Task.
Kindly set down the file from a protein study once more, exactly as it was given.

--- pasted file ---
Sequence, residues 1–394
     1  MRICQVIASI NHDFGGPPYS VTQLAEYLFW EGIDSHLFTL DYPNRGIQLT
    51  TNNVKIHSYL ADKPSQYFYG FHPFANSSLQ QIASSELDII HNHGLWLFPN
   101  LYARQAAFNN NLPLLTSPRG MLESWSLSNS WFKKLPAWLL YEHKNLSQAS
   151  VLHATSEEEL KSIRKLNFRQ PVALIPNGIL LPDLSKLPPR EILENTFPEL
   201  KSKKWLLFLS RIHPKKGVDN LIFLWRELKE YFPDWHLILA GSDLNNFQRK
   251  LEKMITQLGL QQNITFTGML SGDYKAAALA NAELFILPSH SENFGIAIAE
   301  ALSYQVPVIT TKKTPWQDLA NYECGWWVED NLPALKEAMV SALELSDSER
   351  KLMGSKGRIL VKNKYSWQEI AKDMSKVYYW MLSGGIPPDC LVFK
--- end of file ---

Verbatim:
Sequence, residues 1–394
     1  MRICQVIASI NHDFGGPPYS VTQLAEYLFW EGIDSHLFTL DYPNRGIQLT
    51  TNNVKIHSYL ADKPSQYFYG FHPFANSSLQ QIASSELDII HNHGLWLFPN
   101  LYARQAAFNN NLPLLTSPRG MLESWSLSNS WFKKLPAWLL YEHKNLSQAS
   151  VLHATSEEEL KSIRKLNFRQ PVALIPNGIL LPDLSKLPPR EILENTFPEL
   201  KSKKWLLFLS RIHPKKGVDN LIFLWRELKE YFPDWHLILA GSDLNNFQRK
   251  LEKMITQLGL QQNITFTGML SGDYKAAALA NAELFILPSH SENFGIAIAE
   301  ALSYQVPVIT TKKTPWQDLA NYECGWWVED NLPALKEAMV SALELSDSER
   351  KLMGSKGRIL VKNKYSWQEI AKDMSKVYYW MLSGGIPPDC LVFK